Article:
OTTAWA - Sweeping changes to Canada's criminal-justice regime have been introduced in the House of Commons as part of an omnibus Conservative crime bill.
The Harper government said during the spring election it would bundle a series of proposed measures as part of its self-described "tough-on-crime" agenda.
It promised to pass the massive bill within 100 parliamentary sitting days.
The legislation tabled in the Commons includes nine bills incorporating changes to drug laws, youth sentencing, detention of refugees, parole and house arrest and anti-terrorism measures.
"Canadians want and deserve to feel safe in their homes and in their communities," Justice Minister Rob Nicholson declared in Brampton, Ont, at one of several news conferences constituting a full-press, public-relations effort to tout the politically popular reforms.
"They want a government that is committed to fighting crime and protecting Canadians so that their communities are safe places for people to live, raise their families and do business."
But critics say the measures are hugely costly and have been proven ineffective over three decades of increasingly draconian "tough-on-crime" campaigns in the United States.
A coalition of justice groups held a news conference as the bill went before Parliament, calling it costly and a threat to human rights in an already overcrowded prison system.
Catherine Latimer, executive director of the John Howard Society, said parts of the provincial and federal correctional systems are so stuffed they may already violate charter protections against cruel and unusual punishment.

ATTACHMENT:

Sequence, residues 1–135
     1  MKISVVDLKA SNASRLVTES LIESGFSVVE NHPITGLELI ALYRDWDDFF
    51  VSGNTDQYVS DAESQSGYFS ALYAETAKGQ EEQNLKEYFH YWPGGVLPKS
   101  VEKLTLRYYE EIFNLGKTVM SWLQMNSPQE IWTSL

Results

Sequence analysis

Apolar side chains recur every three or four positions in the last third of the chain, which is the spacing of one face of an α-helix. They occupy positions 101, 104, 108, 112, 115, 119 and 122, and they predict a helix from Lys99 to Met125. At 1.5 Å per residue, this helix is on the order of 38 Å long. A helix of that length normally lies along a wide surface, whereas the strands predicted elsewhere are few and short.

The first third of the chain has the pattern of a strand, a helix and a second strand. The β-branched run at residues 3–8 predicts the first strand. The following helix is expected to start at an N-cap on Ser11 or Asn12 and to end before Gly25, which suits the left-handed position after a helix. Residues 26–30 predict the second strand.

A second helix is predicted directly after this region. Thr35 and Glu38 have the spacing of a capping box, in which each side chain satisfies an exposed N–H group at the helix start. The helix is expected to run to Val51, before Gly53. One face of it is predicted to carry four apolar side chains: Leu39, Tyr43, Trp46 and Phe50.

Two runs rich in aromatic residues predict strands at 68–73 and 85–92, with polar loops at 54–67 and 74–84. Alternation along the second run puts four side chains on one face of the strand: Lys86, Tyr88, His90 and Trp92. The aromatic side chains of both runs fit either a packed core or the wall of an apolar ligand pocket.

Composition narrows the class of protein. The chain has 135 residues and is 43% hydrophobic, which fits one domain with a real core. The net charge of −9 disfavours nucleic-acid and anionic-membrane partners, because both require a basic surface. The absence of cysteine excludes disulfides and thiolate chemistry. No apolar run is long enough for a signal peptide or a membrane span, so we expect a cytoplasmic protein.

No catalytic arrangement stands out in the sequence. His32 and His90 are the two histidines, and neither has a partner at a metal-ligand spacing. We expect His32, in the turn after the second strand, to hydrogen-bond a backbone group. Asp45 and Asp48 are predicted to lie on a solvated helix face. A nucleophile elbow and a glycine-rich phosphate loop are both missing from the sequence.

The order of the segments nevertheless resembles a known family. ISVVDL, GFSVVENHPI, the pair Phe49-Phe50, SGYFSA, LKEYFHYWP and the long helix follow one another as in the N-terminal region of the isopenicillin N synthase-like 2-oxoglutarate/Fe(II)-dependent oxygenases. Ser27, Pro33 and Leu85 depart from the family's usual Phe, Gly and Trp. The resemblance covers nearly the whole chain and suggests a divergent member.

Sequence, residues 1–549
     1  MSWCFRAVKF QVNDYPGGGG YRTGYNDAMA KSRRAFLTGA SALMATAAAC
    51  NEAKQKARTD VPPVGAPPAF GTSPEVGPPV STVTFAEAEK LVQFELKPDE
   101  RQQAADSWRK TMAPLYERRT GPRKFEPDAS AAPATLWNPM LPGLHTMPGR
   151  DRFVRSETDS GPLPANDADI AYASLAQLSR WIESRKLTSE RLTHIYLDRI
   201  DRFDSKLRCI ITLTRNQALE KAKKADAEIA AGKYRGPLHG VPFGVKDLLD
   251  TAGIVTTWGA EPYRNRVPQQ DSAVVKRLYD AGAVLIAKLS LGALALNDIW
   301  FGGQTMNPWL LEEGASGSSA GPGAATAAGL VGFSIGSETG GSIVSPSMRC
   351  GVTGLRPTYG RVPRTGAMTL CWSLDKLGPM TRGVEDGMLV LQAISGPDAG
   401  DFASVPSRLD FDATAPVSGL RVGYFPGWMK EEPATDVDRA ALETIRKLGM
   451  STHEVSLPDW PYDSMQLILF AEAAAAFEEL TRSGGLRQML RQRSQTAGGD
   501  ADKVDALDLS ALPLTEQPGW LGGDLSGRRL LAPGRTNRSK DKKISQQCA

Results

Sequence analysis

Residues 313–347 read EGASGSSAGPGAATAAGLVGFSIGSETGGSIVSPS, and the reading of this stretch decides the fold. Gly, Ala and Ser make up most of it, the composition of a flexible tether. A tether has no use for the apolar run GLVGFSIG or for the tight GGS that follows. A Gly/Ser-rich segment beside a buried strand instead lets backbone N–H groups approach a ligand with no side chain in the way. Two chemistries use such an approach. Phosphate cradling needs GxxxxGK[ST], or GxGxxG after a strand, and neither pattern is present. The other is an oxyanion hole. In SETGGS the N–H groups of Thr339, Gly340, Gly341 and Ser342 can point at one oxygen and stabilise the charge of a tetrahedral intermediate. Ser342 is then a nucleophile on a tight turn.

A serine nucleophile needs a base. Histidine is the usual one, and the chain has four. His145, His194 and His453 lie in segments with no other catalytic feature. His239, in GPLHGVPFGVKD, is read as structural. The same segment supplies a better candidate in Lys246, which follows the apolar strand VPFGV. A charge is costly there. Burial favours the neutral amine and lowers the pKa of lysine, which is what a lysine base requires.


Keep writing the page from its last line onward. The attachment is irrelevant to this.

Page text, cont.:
The omnibus bill will only exacerbate the problems and could send correctional costs through the roof, she said.
"These costs will be borne by the provinces and by taxpayers across the country and we believe that those need to be fully assessed and disclosed," said Latimer.
Prime Minister Stephen Harper's government fell last spring in part due to a contempt-of-Parliament motion that sprang from the Conservative cabinet's refusal to detail the full cost of the changes.
The bill, known as the Safe Streets and Communities Act, includes the following measures:
The bill, known as the Safe Streets and Communities Act, includes the following measures: With files from The Canadian Press (CP/Alamy)
Heftier penalties for sexual offences against children. The bill also creates two new offences aimed at conduct that could facilitate or enable the commission of a sexual offence against a child. (MANAN VATSYAYANA/AFP/Getty Images)
Tougher sentences for the production and possession of illicit drugs for the purposes of trafficking. (NICOLAS ASFOURI/AFP/Getty Images)
Tougher penalties for violent and repeat young offenders. (JOHN MACDOUGALL/AFP/Getty Images)
An end to the use of conditional sentences, or house arrest, for serious and violent crimes (GEOFF ROBINS/AFP/Getty Images)
Allowing victims to participate in parole hearings. (THE CANADIAN PRESS/Adrian Wyld)
Extending ineligibility periods for applications for pardons to five years from three for summary-conviction offences and to 10 years from five for indictable offences. (Flickr: haven't the slightest)
Expanding the criteria that the public safety minister can consider when deciding whether to allow the transfer of a Canadian offender back to Canada to serve a sentence. (JOEL ROBINE/AFP/Getty Images)
Allowing terrorism victims to sue terrorists and their supporters, including listed foreign states, for losses or damages resulting from an act of terrorism committed anywhere in the world.(STRDEL/AFP/Getty Images)
Measures to prevent human trafficking and exploitation. (LOUISA GOULIAMAKI/AFP/Getty Images)